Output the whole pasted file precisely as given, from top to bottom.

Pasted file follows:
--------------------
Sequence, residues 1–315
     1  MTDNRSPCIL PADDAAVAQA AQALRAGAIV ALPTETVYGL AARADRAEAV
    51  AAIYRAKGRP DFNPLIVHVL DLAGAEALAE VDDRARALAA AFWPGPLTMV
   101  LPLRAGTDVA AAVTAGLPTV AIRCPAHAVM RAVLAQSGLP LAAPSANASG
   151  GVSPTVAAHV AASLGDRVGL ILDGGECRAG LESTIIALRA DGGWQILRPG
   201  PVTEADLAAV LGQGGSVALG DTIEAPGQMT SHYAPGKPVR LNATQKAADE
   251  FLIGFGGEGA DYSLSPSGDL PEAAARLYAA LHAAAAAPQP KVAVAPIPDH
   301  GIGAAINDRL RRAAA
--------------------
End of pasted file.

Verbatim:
Sequence, residues 1–315
     1  MTDNRSPCIL PADDAAVAQA AQALRAGAIV ALPTETVYGL AARADRAEAV
    51  AAIYRAKGRP DFNPLIVHVL DLAGAEALAE VDDRARALAA AFWPGPLTMV
   101  LPLRAGTDVA AAVTAGLPTV AIRCPAHAVM RAVLAQSGLP LAAPSANASG
   151  GVSPTVAAHV AASLGDRVGL ILDGGECRAG LESTIIALRA DGGWQILRPG
   201  PVTEADLAAV LGQGGSVALG DTIEAPGQMT SHYAPGKPVR LNATQKAADE
   251  FLIGFGGEGA DYSLSPSGDL PEAAARLYAA LHAAAAAPQP KVAVAPIPDH
   301  GIGAAINDRL RRAAA